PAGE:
Indonesia joined Vietnam recently to challenge Duterte’s doctrine in the South China Sea.
That’s the notion that any Asian-Pacific country that dares to tame Beijing’s ambitions to control the entire South China Sea will face war with China.
This week, Indonesia drew a “red line” in the South China Sea establishing fishing rights in areas where China claims “overlapping” rights, according to BenarNews.
Indonesia’s move comes roughly two years after the country renamed its maritime region in the southwest part of the South China Sea as the “North Natuna Sea,” asserting sovereignty in the area.
Meanwhile, Vietnam has taken its own steps to tame Beijing’s ambitions to control the South China Sea. Last month, Hanoi pushed for a pact to outlaw many of China’s ongoing activities in the South China Sea. Like the building of artificial islands, blockades and offensive weaponry such as missile deployments; and the Air Defense Identification Zone—a conduct code China initiated back in 2013.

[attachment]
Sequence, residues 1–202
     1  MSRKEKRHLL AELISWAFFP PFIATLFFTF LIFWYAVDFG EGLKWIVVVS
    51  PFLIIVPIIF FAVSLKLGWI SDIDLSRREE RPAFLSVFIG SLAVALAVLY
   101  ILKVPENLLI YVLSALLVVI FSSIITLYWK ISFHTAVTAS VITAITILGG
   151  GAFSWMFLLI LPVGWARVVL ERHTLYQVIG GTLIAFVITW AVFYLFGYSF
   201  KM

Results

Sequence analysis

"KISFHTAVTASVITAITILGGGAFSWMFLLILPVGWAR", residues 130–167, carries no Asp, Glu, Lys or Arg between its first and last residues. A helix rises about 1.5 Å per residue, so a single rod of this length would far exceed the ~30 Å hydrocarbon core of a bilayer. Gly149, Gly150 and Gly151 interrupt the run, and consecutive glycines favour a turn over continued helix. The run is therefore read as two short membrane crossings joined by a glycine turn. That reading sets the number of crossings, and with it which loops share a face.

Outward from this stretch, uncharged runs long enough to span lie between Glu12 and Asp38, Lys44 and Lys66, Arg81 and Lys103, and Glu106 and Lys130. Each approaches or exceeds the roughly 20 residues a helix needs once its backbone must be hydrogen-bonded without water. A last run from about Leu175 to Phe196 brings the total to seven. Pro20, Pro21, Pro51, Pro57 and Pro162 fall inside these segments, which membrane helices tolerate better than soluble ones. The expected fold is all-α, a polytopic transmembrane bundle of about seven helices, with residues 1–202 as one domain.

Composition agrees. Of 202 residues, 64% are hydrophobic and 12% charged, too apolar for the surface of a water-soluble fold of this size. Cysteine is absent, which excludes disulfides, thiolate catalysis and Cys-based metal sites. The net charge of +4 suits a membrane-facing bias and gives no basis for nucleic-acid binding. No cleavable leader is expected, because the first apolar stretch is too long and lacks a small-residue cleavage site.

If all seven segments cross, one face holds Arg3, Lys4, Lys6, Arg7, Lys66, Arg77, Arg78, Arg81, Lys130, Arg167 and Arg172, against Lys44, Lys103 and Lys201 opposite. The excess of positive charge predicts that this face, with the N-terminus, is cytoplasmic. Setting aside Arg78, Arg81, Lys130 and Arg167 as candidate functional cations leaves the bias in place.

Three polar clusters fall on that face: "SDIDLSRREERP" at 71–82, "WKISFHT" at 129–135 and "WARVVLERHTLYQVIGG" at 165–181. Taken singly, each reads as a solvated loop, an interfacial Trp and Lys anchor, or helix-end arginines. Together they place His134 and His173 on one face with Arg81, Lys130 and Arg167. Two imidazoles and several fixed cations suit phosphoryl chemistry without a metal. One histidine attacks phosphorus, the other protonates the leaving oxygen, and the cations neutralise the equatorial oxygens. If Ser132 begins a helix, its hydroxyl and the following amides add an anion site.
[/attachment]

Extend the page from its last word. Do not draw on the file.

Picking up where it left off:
These activities are part of Beijing’s efforts to assert complete dominance in the South China Sea and push the US out.
“Although China does not want to usurp the United States’ position as the leader of the global order, its actual aim is nearly as consequential,” says Oriana Skylar Mastro in “The Stealth Superpower: How China Hid Its Global Ambitions,”published in the January/February issue of Foreign Affairs. “In the Indo-Pacific region, China wants complete dominance.; it wants to force the United States out and become the region’s unchallenged political, economic, and military hegemon.”
That’s why America has stepped up patrols in disputed South China Sea waters, asserting its willingness to keep the waterway an open sea to all commercial and military vessels.
And that has provided some sort of insurance for Indonesia and Vietnam against an unmeasured response from China.
Meanwhile, Indonesia’s and Vietnam’s moves have proved Duterte wrong: standing up to China doesn’t lead to war.
So far, financial markets in the region have been discounting these developments as “noise,” rather than something more serious, focusing instead on the trade war between Beijing and Washington. But they could come back to haunt markets once the trade war is settled.